Bridgeport regional preview: Huskies and Longhorns have the advantage

Saturday, March 26, Webster Bank Arena- Bridgeport, Conn.

Game one – 11:30 a.m. EDT

Napheesa Collier puts it up and in. Photo by Robert Franklin.
Napheesa Collier puts it up and in. Photo by Robert Franklin.

No. 1 Connecticut (34-0) vs. No. 5 Mississippi State (28-7)

Well, you can’t say much about this one, other than it would be one of the great upsets in NCAA history if the Bulldogs defeat the Huskies. And it won’t happen. The Huskies, with Morgan Tuck apparently back in an offensive groove, are pretty much in sync offensively. The defense of the top six UConn players is the nation’s best. Mississippi State is the sort of quick team that may disrupt UConn for a while, but that UConn defense will simply make it too hard for the Bulldogs to score enough points to stay in the game.

Mississippi State Sophomore Victoria Vivians is a star, but her 24 points against Michigan State required 22 shot attempts: another high-volume, low percentage scorer. UConn has historically shut down the best player on the other team, and nobody on Mississippi State’s roster has shown the ability to step up if Vivians has a bad day. Chinwe Okorie, the 6-5 junior center has had some strong performances this season, but will need to be dominant to give Mississippi State any chance of hanging around.

The Bulldogs are also a poor three-point shooting team, so they will have trouble exploiting that chink in UConn’s defensive armor. UConn is shooting 54 percent from the field and exactly 50 percent from three in the tournament. They have held their two opponents to under 25 percent shooting in the first half, when the starters were on the floor.

Breanna Stewart, Moriah Jefferson and Tuck are each averaging nearly 18 points a game while playing just 28 minutes per game. Jefferson is 8-11 from beyond the arc. They are playing almost at home. They have won 71 games in a row, and 117 of the last 118. UConn should move on with the ease they have shown all season to face a much more challenging Texas team in the Elite 8.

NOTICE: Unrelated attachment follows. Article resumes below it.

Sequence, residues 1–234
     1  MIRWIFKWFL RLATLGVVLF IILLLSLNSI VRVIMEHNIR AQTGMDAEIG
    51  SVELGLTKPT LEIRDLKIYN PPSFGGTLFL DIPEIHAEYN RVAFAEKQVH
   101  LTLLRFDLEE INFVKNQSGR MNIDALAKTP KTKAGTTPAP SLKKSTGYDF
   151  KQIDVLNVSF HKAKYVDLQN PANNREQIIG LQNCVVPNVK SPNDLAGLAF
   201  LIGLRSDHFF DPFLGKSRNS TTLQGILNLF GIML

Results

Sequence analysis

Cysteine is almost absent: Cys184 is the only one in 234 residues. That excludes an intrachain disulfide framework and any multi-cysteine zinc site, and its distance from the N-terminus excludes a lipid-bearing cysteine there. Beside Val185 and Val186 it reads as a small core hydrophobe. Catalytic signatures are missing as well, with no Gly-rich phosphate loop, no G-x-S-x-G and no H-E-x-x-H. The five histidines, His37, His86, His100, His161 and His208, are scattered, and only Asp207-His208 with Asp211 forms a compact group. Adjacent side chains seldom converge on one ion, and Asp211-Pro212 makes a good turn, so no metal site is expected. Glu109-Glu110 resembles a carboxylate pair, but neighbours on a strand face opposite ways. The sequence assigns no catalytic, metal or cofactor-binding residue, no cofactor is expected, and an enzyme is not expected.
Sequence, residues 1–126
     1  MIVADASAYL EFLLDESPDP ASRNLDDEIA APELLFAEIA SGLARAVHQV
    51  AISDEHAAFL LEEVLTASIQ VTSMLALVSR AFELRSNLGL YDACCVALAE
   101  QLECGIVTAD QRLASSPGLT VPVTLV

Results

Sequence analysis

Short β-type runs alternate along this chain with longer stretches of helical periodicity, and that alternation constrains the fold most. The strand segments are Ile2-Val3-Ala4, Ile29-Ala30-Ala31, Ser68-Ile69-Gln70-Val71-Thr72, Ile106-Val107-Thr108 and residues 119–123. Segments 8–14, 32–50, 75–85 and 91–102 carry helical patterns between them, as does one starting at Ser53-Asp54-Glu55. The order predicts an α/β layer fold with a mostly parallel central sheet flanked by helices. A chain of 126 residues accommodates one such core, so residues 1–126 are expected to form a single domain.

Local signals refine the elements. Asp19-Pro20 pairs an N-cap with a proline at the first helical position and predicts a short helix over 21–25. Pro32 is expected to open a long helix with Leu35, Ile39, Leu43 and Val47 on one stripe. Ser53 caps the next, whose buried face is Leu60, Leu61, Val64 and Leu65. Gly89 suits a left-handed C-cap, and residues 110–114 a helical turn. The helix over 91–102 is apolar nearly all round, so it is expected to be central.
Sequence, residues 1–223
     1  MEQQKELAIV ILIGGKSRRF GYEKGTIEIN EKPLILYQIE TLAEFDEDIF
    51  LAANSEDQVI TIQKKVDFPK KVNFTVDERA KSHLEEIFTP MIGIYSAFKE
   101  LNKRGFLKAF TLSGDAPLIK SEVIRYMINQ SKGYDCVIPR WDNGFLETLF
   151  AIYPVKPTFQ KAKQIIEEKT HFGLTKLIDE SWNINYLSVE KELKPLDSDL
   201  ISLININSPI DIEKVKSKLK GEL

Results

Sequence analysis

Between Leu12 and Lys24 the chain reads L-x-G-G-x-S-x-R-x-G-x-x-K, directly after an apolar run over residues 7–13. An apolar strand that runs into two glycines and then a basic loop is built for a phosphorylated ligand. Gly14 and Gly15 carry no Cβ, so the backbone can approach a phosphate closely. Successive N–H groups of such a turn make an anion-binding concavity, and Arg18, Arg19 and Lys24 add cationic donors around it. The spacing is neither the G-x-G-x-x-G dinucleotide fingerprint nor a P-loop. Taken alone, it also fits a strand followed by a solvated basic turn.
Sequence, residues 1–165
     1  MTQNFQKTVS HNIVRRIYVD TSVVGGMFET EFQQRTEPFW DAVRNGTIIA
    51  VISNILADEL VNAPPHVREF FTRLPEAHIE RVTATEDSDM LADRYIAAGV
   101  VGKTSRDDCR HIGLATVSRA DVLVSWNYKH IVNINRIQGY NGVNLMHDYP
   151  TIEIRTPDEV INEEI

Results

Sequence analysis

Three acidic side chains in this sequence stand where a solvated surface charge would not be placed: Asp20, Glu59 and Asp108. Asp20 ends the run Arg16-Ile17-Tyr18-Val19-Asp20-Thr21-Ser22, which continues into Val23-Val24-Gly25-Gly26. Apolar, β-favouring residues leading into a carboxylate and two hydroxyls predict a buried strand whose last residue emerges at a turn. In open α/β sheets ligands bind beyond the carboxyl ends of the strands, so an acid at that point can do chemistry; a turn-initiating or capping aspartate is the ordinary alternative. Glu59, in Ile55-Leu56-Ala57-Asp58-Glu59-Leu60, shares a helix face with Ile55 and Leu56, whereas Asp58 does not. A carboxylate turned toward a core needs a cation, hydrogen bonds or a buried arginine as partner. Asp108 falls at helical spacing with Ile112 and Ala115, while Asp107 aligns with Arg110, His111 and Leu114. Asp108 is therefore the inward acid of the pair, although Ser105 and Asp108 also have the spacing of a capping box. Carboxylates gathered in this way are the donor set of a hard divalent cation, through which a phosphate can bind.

Game Two – 1:00pm

Imani Boyette blocks a shot. Photo courtesy of Texas Athletics.
Imani Boyette blocks a shot. Photo courtesy of Texas Athletics.

#2 Texas (30-4) v. #3 UCLA (26-8)

Texas has lost only one game to a team other than Baylor, the 35-1 #1 Seed in the Dallas Region. They have cruised their way to the Sweet Sixteen. UCLA has one of the youngest teams in the tournament, and has struggled to advance. Lots of tall in this game: Texas has five players 6-3 or taller, led by senior Imani Boyette (11.3 ppg, 9.0 rpg), while UCLA has four players over 6-3, led by Monique Billings. Oddly, that may mean that this game will be decided in the backcourt, by Texas sophomore Brooke McCarty (11.6 ppg) , and UCLA sophomore Jordan Canada (15.9 ppg), who lead their teams in scoring. McCarty is by far the better outside shooter (.409), while Canada gets into the paint and to the free throw line more often. They are really the players to watch.

Both teams have been challenged by quality conference opponents, and have played with tenacity and success. Their stat sheets are statistically identical in nearly every category. Texas has greater depth and may be the better defensive team. Neither turns the ball over excessively, but neither has a positive assists/turnover ratio. Texas should prevail in a very competitive game based on experience and depth.